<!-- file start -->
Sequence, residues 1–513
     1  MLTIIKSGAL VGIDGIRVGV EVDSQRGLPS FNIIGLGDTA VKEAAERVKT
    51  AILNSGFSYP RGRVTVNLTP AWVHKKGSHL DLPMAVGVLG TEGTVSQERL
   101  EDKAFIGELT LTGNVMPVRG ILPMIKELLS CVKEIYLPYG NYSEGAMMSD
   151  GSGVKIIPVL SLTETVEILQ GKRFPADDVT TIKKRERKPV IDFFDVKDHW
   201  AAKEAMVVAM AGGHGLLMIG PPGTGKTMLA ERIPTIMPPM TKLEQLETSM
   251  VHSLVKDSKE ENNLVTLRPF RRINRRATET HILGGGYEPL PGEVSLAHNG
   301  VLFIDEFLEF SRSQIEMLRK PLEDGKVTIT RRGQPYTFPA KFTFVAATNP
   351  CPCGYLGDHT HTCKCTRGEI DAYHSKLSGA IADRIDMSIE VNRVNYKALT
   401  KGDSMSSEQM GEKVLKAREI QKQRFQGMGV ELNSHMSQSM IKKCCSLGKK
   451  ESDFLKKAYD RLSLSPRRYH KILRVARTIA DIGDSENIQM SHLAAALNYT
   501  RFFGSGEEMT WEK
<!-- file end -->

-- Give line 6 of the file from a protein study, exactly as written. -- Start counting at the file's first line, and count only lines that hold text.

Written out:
   201  AAKEAMVVAM AGGHGLLMIG PPGTGKTMLA ERIPTIMPPM TKLEQLETSM